Reports on Global Health Research (ISSN: 2690-9480)

review article

  PDF Download

Ethical Discussion about the Selection Policies of Priority Biomedical Research Lines

Aurelio Luna Ruiz Cabello, Lucia Fernandez-Lopez, Maria Falcon Romero, Aurelio Luna Maldonado*

Legal and Forensic Medicine, Faculty of Medicine, University of Murcia, Spain

*Corresponding author: Aurelio Luna Maldonado, Full Professor Forensic Pathology, Bioethics and Medical law and Director of Training Unit for Medical Specialists in Legal and Forensic Medicine, University of Murcia, Spain

Received Date: 22 February, 2020; Accepted Date: 04 March, 2020; Published Date: 09 March, 2020

Citation: Cabello ALR, Fernandez-Lopez L, Romero MF, Maldonado AL (2020) Ethical Discussion about the Selection Policies of Priority Biomedical Research Lines. Rep Glob Health Res 3: 117. DOI: 10.29011/RGHR-117.100017


Studies of the ethical implications involved in the selection of priority biomedical research lines for funding are discussed in a relatively slow number of publications. When public funds are the source of financing, these are considered as a public good, and therefore, institutions must ensure their correct use, providing the highest possible social return. There is a certain consensus that the concepts of quality, applicability, social interest, clinical and industrial implications, thematic area and type of research should be considered when establishing criteria for the prioritization of research lines. However, absolute neutrality in the definition of a priority line is impossible, since this means prioritizing values, and the priority of values necessarily implies an ideological component. The aim of this paper is to open a discussion about the different models to evaluate the priority of lines of research and how political decisions affect in scientific researches. A few measures are suggested to deal with the selection policies of biomedical research lines. It would be adequate.


Ethics; Priority Biomedical Research Lines; Selection Policies; Socio Economic Impact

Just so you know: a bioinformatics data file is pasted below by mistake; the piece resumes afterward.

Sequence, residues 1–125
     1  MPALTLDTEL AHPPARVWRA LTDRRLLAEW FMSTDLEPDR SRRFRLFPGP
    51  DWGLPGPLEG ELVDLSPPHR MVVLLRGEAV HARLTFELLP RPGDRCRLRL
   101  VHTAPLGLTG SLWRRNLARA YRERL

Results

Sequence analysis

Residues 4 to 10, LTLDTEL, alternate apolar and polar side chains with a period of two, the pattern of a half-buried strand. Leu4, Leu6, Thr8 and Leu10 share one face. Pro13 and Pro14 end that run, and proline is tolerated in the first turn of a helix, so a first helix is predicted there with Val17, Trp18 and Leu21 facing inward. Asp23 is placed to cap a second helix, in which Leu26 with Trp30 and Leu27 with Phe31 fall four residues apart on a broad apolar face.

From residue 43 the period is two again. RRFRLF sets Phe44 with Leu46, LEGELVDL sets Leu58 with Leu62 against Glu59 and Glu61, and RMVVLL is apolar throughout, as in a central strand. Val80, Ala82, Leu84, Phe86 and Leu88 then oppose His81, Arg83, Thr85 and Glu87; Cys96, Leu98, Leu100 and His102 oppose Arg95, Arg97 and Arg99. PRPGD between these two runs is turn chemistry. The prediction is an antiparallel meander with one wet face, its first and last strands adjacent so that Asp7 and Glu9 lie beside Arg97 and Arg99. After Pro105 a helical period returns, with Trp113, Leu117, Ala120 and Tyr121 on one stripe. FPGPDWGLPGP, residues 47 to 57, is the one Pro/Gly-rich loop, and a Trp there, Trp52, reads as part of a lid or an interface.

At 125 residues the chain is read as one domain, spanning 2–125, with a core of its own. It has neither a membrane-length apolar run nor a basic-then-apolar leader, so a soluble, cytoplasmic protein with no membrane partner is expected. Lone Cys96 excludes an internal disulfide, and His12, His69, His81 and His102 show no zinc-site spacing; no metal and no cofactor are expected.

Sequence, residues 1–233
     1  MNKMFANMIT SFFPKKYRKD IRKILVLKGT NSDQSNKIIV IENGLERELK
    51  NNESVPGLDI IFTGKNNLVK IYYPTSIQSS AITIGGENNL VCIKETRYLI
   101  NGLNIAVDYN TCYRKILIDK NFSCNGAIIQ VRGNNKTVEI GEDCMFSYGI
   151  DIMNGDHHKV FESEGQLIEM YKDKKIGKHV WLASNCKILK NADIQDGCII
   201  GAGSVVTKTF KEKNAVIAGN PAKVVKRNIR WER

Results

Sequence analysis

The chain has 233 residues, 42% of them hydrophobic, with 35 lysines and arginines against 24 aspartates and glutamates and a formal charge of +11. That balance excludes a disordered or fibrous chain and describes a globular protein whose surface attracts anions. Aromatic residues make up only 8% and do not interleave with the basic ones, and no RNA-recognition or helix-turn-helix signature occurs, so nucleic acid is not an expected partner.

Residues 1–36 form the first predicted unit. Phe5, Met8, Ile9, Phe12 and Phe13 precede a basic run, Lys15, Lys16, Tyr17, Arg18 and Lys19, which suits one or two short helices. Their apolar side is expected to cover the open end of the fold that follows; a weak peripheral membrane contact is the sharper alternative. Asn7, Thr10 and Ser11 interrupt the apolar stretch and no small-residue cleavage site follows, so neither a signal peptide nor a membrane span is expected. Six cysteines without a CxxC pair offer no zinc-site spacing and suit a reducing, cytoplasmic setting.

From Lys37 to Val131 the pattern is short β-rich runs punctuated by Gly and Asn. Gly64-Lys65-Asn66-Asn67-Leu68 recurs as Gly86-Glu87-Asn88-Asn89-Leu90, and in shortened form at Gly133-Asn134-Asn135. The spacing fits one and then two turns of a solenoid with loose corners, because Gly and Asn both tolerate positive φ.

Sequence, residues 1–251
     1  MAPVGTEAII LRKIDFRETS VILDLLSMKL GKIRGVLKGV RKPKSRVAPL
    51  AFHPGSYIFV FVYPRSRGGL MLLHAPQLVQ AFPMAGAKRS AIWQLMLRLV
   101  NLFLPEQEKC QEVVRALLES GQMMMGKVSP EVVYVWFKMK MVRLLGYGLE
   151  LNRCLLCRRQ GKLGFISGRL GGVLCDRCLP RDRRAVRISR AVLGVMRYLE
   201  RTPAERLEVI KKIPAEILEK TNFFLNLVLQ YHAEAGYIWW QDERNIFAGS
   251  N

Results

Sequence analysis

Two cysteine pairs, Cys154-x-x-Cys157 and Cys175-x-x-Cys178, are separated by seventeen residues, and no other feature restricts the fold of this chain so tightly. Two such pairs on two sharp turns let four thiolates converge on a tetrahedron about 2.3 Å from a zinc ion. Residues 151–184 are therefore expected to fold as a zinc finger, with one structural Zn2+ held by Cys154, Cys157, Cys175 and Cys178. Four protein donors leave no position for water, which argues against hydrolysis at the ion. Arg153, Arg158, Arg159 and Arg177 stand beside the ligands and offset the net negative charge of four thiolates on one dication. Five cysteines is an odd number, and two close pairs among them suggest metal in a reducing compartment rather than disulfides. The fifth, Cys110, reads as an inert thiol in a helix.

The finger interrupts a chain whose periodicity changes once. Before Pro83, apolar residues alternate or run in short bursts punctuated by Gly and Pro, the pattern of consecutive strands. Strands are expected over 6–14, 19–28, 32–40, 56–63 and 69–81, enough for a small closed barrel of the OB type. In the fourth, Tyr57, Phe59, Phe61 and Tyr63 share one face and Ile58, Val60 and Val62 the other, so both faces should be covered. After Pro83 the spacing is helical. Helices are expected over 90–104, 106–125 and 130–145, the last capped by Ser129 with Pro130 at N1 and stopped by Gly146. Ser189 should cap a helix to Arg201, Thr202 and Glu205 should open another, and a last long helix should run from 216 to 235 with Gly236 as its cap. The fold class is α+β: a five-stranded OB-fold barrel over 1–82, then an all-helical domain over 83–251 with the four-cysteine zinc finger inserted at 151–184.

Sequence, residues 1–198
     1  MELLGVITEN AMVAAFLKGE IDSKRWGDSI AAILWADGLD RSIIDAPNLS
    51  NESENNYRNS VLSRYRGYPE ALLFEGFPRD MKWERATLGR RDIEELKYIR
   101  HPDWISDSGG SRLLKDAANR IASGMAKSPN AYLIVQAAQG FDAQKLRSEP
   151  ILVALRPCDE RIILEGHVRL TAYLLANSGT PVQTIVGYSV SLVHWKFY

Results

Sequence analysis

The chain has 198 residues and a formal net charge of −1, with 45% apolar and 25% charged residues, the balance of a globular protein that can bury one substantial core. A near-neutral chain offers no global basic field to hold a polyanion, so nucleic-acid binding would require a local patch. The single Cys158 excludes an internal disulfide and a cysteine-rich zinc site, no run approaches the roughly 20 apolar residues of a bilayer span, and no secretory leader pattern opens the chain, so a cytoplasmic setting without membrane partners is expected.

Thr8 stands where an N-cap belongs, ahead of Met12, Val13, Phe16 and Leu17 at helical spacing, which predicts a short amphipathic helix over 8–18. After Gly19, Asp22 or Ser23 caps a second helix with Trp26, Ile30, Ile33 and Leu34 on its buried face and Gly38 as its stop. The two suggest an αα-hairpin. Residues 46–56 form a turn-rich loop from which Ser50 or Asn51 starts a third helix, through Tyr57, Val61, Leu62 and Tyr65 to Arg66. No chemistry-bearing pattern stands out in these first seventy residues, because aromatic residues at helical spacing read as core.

The development of biomedical research in the last 50 years has broadened the professional horizons of a large number of researchers and constitutes an economic activity that generates substantial sums of money: as an example the macroeconomic impact of biotechnology in Spain, measured directly and indirectly, included a figure of 44,333 jobs and a turnover amounting to 0.6% of the state GDP in 2005 [1]. In Spain in 2008, 1.2% of GDP was dedicated to Scientific Research and Development (R+D), while R+D in health was little more than 0.2% of GDP [2]. In the United Kingdom the annual return rate of biomedical health research varies between 24% [3], and 28% [4].

In Spain during 2017 were 133.213.188 jobs on research and the state GDP expenditure on R+D was 14.063,444 millions of euros, of which 5.471,159 millions was the Spanish Government budget. Only the 779.302 millions (5,54%) were destined to health research [5].

In the United States, according to the data of the report published in May 2016 (United for Medical Research Report), the National Institute of Health of the United States of America (NIH) with its research funds generated more than 350,000 jobs and an economic activity of 60,171 billion dollars in 2015. The People’s Republic of China tripled its investment in biomedical research from 2.6 billion dollars in 2004 to 9.7 billion in 2012 [6]. Worldwide it is estimated that investment in this area was a quarter of a trillion dollars in 2010 [7].

A course under the auspices of Instituto Carlos III was held in July 2015 in the Menéndez Pelayo University, on the socioeconomic impact of biomedical research, where the importance of this sector in Spain was apparent, as was the need for an ongoing evaluation of its scientific and social impact. Many of the analyses and proposals generated are still waiting for dissemination and implementation.

An analysis of publications on ethical issues in biomedical research reveals how a vast percentage of scientific production revolves around the issues of consent and conditions of experiment subjects [8-11]. The problem of funding biomedical research and its ethical implications is reduced to a relatively low number of publications. On the other hand, it is logical that when analysing a particular project, the methodological and design aspects of the protocol require analysis from an ethical- legal perspective of enforceable standards; however, in the establishment of a priority research line, ethical analysis must focus primarily on the objectives and expected social impact.